Whereas the boy you refer to, is a poo-stained chicken. Say the word and I shall have his head lopped off. Ha ha, just joking! But seriously, just say the word. Joking, moderators! Or am I? Not sure myself…

    • amy says:

      04:59pm | 06/07/12

      damn thats…..damn

      wortst thing that hppned to me was being kicked off the table…aint poltics fun…

    • Daz says:

      05:45pm | 06/07/12

      Audra Blue that cool guy you gave your heart to is now probably collecting trolleys at Coles, maybe even a people smuggler. Sounds like the one in ten people who are sociopaths and who you are better off without.

      PS if he is a people smuggler now, if I was you, I’d marry him, then take him to the cleaners.

    • Dolly says:

      11:30pm | 06/07/12

      Or he could be an executive earning lots who doesnt even remember the girl who won’t let it go. I think he made the right decision

    • ProudWife says:

      12:48am | 07/07/12

      @admiral ackabar I find your comment rude.
      “a celebration for all the stupid people leaving” just because someone decided to leave school at the end of year 10 doesnt make them stupid. What about all those individuals who leave for apprenticeships! I for one can tell you my husband was the smart one who left for that exact reason. I am a university graduate and he still manages to pull in double what I do a year on his Year 10 education.  So maybe you should think before calling people stupid as all it makes you look like is a fool

    • daniel says:

      08:54pm | 08/07/12

      I’m undecided on doing my Year 12 formal again. Whilst I had a good time, I was more angry that just about every other one of my classmates (All Boys school) were ogling and trying to hit on my date, leaving their dates, many of them girlfriends sitting at the tables and looking on.

    • AdamC says:

      12:43pm | 06/07/12

      This is so dumb. I remember the year ten formal as a unique opportunity to get drunk and party while also being dressed up. (That is rare when you are a teenager.) The reasons given for killing the institution are beyond lame. Is this a case of totalitarian wowserism strikes again?

      I really enjoyed my year 10 formal, as well as my year 11 and 12 ones. The more the merrier, I say.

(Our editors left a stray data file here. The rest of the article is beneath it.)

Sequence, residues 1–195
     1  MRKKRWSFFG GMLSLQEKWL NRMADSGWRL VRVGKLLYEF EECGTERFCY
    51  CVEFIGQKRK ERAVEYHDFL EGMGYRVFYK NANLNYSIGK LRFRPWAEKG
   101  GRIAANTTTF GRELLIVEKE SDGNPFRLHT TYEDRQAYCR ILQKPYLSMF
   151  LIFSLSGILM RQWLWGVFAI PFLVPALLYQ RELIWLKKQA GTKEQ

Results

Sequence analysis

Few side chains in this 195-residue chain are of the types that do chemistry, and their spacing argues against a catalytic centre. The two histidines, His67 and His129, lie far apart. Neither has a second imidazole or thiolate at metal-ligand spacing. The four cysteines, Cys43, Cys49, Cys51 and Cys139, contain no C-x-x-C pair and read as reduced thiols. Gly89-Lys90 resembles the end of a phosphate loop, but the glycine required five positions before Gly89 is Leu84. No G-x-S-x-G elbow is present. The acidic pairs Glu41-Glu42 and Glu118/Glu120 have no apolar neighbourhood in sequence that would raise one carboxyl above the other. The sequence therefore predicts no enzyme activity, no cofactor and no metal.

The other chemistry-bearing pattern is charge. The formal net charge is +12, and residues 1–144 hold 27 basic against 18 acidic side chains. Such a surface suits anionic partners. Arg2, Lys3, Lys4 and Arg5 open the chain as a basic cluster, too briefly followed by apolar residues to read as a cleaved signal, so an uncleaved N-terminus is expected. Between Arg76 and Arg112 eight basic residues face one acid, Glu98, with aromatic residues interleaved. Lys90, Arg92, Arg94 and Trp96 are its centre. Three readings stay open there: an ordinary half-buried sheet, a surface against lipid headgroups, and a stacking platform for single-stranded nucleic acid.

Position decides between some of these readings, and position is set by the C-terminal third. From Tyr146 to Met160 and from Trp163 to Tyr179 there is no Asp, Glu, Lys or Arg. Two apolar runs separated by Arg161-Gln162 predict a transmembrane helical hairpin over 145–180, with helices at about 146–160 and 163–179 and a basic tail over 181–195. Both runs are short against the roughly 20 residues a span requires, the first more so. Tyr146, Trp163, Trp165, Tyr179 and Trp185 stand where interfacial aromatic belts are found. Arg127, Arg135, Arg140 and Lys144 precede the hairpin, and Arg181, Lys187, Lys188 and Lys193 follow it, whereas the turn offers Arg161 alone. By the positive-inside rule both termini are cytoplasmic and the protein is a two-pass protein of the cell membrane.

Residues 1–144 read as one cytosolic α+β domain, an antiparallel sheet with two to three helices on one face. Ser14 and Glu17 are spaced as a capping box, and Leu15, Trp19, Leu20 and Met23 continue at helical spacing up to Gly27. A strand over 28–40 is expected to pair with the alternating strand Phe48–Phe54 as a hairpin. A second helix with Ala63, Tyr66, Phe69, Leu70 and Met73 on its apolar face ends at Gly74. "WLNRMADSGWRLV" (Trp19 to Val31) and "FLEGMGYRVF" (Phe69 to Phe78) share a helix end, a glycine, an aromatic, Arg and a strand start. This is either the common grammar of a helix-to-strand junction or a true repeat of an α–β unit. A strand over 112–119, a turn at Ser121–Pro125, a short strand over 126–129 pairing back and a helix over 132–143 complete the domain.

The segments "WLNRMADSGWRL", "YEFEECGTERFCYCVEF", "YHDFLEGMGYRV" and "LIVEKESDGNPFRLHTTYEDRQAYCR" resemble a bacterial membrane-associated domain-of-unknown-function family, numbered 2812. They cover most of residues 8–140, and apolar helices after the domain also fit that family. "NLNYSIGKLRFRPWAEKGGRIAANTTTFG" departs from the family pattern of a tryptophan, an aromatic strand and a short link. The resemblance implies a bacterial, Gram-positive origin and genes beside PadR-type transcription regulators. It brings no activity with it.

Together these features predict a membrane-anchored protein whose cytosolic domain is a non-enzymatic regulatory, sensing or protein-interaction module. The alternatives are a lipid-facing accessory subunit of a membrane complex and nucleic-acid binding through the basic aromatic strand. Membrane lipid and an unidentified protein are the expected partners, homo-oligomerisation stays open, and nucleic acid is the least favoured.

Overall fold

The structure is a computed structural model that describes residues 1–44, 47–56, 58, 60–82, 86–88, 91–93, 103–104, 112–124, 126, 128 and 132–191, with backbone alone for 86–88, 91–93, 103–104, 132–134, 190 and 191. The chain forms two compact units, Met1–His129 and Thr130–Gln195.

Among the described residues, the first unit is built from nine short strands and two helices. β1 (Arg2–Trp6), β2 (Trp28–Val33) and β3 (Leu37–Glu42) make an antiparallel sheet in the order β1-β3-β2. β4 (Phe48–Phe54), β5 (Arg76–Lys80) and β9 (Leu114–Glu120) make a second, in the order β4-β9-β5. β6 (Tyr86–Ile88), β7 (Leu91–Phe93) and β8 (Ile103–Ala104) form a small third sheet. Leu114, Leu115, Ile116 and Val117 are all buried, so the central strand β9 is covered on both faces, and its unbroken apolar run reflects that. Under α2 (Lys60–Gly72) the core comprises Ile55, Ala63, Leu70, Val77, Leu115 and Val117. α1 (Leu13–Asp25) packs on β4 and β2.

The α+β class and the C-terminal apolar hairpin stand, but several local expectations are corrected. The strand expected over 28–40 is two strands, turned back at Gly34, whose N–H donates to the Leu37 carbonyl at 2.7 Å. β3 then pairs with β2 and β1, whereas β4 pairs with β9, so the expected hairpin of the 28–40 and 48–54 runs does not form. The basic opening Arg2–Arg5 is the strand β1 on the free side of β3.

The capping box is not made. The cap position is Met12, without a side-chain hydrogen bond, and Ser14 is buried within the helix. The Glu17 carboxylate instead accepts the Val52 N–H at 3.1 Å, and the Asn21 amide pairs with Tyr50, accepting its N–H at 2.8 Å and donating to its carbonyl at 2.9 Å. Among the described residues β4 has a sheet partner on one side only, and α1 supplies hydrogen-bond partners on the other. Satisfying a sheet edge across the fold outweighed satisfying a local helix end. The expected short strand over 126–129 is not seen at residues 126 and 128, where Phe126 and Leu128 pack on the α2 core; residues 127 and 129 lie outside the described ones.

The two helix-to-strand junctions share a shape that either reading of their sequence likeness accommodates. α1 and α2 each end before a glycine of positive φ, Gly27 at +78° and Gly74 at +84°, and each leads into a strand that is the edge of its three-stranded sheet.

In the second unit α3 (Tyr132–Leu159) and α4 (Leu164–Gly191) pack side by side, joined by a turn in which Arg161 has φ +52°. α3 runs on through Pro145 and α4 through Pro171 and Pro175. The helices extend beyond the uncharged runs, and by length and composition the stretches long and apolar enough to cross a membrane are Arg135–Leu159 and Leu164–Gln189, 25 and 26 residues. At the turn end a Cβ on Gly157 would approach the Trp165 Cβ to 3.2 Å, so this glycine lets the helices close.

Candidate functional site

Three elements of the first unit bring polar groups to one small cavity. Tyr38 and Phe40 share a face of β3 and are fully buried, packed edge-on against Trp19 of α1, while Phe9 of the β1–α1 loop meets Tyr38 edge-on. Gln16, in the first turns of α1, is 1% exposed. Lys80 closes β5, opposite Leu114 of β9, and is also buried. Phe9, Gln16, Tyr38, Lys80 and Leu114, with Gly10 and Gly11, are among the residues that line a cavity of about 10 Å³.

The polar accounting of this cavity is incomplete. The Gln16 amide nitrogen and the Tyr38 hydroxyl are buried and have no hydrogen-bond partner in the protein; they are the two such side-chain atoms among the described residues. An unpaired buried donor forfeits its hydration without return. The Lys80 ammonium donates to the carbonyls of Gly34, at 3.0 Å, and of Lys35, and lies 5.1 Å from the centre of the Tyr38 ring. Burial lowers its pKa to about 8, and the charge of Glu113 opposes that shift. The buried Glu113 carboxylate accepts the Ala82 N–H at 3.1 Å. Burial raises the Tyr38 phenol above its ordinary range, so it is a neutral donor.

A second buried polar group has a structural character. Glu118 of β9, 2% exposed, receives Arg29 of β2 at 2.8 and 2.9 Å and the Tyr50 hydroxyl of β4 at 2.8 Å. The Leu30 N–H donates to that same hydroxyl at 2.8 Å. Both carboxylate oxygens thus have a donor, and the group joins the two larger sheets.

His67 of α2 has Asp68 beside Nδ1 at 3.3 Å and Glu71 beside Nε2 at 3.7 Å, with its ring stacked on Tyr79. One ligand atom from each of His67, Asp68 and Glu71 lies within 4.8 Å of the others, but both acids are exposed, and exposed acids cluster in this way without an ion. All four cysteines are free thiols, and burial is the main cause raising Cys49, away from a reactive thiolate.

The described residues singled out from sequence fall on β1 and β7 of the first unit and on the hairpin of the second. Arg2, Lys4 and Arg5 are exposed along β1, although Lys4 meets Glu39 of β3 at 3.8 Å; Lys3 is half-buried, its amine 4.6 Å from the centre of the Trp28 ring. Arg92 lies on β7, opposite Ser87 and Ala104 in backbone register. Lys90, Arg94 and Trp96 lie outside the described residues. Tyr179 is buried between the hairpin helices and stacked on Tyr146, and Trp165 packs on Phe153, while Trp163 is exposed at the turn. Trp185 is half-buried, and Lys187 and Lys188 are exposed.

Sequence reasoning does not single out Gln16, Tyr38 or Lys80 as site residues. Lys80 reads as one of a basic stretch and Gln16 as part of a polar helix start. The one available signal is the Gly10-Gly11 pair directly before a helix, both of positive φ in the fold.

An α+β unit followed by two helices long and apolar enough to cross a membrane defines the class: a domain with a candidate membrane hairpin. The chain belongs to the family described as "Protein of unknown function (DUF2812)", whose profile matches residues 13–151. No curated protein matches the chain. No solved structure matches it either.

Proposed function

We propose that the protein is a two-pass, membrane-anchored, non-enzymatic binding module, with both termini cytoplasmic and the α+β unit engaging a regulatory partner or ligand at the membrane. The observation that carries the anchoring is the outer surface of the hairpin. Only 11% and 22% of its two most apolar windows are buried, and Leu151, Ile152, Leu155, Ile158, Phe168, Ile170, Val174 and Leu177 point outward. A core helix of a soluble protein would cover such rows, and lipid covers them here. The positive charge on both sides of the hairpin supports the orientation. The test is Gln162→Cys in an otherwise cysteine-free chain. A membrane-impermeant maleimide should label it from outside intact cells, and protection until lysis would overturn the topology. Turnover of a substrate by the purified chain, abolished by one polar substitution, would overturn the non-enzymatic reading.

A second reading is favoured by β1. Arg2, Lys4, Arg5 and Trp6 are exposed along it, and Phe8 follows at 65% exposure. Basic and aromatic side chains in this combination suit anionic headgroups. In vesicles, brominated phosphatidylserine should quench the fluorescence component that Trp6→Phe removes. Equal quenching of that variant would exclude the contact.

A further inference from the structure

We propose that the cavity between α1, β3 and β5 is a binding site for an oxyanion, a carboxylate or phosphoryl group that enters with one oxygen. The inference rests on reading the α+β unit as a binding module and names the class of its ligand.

• Admiral Ackbar says:

      01:24pm | 06/07/12

      You got 3 formals? Man. Serves me right for going to a catholic school where ‘fun’ is considered the work of the devil.

    • AdamC says:

      03:55pm | 06/07/12

      Yeah, I went to a Uniting Church School, so Chapel was voluntary, actually, it was pretty much non-existent, but political correctness was compulsory. And just look how I turned out!

    • M says:

      04:40pm | 06/07/12

      I was at a Christian Brothers School, religion played a very second fiddle to sport.

    • JB says:

      12:48pm | 06/07/12

      Seriously cut the crap!! “rite of passage” what rite?
      They have finished school, big deal. Most will go on to Uni so what’s the point.
      Rites are meant to be earned not given away or assumed you automatically get them.

    • Bitten says:

      02:17pm | 06/07/12

      Oh for f*k’s sake.

      Rite. Right. Look them up.

    • JB says:

      03:41pm | 06/07/12

      a formal or ceremonial act or procedure prescribed or customary in religious or other solemn use: rites of baptism; sacrificial rites.
      2. a particular form or system of religious or other ceremonial practice: the Roman rite.
      3. ( often initial capital letter ) one of the historical versions of the Eucharistic service: the Anglican Rite.
      4. ( often initial capital letter ) liturgy.
      5. ( sometimes initial capital letter ) Eastern Church,  Western Church . a division or differentiation of churches according to liturgy.